The bombshell revelation was made by Mr Laundrie's father, Chris, during a deposition. He said on 29 August his son called him in a "frantic" state and told him that Ms Petito was "gone." He then asked his father to get him a lawyer, according to WFLA.
The Petito family has sued the Laundrie family, alleging they knew information about their daughter's location, but did nothing to assist in the nationwide search for the woman.
Ms Petito was found dead in the Bridger-Teton National Forest on 19 September after a nearly month-long search. Her cause of death was determined to be blunt force trauma to her head and neck and manual strangulation.
She had been travelling with her then-boyfriend, Mr Laundrie, on a van trip throughout the western US at the time of her death. Mr Laundrie returned home without her, soon spawning suspicions among her family that something had happened to her.
Mr Laundrie eventually slipped away from the police who had been dispatched to watch his home and hid out at a nearby nature preserve. He ultimately died by suicide in the preserve.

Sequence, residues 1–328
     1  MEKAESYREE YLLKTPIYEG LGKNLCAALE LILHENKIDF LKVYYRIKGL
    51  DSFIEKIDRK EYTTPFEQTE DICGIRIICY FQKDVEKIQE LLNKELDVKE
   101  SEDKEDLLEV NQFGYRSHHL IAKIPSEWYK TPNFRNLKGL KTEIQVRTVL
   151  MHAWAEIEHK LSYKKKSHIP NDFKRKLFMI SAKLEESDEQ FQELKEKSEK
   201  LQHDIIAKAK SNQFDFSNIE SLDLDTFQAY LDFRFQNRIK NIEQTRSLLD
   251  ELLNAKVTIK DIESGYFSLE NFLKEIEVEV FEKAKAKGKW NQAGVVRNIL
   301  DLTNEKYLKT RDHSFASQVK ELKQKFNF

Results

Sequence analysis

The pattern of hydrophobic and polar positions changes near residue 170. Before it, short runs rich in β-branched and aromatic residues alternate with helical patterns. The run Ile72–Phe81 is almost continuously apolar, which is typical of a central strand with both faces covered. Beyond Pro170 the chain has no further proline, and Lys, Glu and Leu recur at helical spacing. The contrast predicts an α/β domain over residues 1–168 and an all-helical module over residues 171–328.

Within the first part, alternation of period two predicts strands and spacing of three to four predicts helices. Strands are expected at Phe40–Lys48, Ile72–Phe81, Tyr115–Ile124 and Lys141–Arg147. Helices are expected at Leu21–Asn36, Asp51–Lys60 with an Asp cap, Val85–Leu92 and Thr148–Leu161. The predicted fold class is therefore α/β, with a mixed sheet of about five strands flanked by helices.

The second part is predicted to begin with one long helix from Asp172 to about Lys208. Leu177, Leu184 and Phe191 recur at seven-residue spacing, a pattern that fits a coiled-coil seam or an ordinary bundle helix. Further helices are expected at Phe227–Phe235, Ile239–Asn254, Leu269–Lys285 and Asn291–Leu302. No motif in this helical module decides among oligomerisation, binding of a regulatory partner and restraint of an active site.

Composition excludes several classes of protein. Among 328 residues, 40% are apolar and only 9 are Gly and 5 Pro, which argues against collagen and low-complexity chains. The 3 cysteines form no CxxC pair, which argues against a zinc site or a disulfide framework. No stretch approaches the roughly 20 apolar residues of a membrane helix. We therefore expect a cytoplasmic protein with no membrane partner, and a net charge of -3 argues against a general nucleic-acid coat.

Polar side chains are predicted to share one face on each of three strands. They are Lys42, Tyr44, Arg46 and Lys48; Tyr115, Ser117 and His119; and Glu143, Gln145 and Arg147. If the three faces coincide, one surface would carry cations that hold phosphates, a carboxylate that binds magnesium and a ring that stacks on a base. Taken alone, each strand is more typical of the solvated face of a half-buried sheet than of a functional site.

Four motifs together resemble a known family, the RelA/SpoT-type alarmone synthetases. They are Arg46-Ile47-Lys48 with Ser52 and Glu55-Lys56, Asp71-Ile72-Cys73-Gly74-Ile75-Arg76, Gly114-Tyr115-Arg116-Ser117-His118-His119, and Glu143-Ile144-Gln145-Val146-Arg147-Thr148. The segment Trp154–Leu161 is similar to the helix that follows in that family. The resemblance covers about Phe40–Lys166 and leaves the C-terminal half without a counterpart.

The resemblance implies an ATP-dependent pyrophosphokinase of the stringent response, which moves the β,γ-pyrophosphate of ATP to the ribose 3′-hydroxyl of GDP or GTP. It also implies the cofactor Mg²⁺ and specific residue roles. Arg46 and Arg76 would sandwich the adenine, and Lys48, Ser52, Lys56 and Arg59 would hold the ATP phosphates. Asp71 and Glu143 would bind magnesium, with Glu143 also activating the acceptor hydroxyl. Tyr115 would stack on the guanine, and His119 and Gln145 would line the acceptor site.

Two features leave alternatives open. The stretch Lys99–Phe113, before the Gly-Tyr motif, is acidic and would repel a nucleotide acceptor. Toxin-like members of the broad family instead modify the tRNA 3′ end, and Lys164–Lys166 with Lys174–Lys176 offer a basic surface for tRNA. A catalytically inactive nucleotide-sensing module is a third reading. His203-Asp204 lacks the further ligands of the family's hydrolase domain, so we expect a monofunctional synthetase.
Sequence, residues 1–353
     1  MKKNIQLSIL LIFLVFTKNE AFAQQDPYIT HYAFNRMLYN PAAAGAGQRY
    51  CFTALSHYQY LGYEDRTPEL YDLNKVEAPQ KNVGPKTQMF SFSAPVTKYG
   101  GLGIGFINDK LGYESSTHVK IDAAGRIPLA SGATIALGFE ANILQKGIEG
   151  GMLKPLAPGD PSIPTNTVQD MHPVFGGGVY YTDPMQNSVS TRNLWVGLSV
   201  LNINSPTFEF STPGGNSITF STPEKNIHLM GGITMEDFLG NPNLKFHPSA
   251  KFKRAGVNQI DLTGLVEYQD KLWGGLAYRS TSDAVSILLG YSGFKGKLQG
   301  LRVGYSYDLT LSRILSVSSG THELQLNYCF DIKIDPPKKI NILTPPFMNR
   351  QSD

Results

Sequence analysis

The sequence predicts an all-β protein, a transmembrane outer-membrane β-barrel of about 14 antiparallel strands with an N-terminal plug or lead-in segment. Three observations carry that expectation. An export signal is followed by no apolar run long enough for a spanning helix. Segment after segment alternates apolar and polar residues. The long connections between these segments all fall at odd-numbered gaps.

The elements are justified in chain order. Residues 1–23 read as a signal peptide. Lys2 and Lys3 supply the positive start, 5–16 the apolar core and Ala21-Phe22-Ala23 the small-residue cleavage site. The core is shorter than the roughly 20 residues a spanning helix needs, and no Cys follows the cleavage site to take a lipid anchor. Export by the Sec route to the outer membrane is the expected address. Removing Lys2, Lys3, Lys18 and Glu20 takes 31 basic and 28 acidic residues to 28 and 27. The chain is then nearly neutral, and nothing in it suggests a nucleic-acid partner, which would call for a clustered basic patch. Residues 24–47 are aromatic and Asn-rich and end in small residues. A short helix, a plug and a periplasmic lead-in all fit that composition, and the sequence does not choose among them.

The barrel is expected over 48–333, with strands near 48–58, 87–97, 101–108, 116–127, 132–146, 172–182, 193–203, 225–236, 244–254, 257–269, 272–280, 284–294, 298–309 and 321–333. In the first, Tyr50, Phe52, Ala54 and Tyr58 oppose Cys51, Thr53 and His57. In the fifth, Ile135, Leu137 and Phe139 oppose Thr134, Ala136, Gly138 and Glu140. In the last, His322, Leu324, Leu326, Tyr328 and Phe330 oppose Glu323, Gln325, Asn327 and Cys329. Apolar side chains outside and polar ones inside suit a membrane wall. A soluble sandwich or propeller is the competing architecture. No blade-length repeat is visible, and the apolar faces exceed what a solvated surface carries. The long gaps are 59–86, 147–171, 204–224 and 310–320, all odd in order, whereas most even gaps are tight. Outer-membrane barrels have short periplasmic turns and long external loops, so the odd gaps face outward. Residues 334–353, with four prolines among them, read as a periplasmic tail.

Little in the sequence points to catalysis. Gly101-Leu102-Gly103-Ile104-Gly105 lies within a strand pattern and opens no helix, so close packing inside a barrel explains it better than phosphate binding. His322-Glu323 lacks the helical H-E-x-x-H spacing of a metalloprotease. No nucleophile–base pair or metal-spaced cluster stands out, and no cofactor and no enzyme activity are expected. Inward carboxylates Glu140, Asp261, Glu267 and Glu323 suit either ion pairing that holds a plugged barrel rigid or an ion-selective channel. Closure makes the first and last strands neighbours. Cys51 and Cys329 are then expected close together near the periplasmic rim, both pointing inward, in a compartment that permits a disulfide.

After another month-long search, police discovered Mr Laundrie's remains in the park, as well as a notebook containing a written confession that he killed Ms Petito.
Ms Petito's family has long suspected that Mr Laundrie's attorney and family members knew more than what they let on. Chris Laundrie's deposition all but confirmed to them that the family was withholding information about Ms Petito. They also suspected the family's lawyer had also withheld information.
On 17 October, the Laundrie's lawyer, Steven Bertolino, sat for a deposition and testified that Chris Laundrie spoke to his son.
The Petitos have filed a motion to try to force Mr Bertolino to testify. He has been resistant, citing attorney-client privilege. The motion argues that Mr Bertolino cannot claim attorney-client privilege on behalf of himself or on behalf of Mr Laundrie, who they argued waived his privilege by confessing to the murder in the note found among his remains.
“Clearly, Brian Laundrie had no such expectation of privacy in authorizing a confession and leaving it in his backpack to be found following his death,” the motion argues.